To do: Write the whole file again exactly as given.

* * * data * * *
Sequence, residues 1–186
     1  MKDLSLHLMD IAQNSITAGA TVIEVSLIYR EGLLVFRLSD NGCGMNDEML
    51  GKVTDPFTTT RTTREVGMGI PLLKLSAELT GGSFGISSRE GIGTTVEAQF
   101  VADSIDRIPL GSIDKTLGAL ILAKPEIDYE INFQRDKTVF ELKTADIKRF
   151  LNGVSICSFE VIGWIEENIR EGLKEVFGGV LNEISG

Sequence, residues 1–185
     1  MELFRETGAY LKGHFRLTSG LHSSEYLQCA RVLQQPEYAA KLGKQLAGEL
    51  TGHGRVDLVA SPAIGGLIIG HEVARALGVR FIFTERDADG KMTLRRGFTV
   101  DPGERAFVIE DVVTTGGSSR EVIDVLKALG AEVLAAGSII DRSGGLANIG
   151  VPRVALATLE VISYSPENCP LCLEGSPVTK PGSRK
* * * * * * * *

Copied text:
Sequence, residues 1–186
     1  MKDLSLHLMD IAQNSITAGA TVIEVSLIYR EGLLVFRLSD NGCGMNDEML
    51  GKVTDPFTTT RTTREVGMGI PLLKLSAELT GGSFGISSRE GIGTTVEAQF
   101  VADSIDRIPL GSIDKTLGAL ILAKPEIDYE INFQRDKTVF ELKTADIKRF
   151  LNGVSICSFE VIGWIEENIR EGLKEVFGGV LNEISG

Sequence, residues 1–185
     1  MELFRETGAY LKGHFRLTSG LHSSEYLQCA RVLQQPEYAA KLGKQLAGEL
    51  TGHGRVDLVA SPAIGGLIIG HEVARALGVR FIFTERDADG KMTLRRGFTV
   101  DPGERAFVIE DVVTTGGSSR EVIDVLKALG AEVLAAGSII DRSGGLANIG
   151  VPRVALATLE VISYSPENCP LCLEGSPVTK PGSRK